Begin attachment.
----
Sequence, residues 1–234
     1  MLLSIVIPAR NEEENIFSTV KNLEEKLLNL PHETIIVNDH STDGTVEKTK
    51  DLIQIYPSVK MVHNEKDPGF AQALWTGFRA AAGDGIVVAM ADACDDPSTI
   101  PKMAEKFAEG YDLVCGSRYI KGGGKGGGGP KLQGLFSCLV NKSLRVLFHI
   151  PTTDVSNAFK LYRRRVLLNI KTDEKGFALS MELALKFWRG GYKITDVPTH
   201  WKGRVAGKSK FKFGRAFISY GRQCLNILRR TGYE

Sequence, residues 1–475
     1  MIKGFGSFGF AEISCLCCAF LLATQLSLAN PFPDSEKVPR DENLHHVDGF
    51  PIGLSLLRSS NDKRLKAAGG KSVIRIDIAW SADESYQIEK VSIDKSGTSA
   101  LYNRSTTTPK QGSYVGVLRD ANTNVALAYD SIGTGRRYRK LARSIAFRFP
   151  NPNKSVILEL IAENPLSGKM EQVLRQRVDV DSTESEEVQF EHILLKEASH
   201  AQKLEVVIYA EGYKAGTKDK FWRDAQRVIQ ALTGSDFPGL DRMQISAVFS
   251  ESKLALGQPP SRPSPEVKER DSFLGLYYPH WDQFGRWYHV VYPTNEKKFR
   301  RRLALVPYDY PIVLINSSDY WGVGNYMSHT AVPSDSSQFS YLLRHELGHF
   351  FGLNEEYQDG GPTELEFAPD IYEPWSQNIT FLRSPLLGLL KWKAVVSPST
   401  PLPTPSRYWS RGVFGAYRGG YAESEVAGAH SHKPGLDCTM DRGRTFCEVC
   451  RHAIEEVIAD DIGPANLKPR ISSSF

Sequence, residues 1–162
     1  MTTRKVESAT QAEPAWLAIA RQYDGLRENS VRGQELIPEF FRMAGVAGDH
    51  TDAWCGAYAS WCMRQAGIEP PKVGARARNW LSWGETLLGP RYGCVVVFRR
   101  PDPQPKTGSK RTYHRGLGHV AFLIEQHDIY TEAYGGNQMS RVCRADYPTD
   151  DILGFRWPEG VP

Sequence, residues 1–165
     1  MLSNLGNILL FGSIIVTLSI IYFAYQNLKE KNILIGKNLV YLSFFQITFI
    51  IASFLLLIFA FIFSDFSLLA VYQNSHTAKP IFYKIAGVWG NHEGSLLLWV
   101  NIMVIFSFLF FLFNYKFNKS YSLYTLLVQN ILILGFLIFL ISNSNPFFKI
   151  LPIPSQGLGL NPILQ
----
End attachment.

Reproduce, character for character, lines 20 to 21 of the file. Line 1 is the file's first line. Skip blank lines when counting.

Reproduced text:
    51  TDAWCGAYAS WCMRQAGIEP PKVGARARNW LSWGETLLGP RYGCVVVFRR
   101  PDPQPKTGSK RTYHRGLGHV AFLIEQHDIY TEAYGGNQMS RVCRADYPTD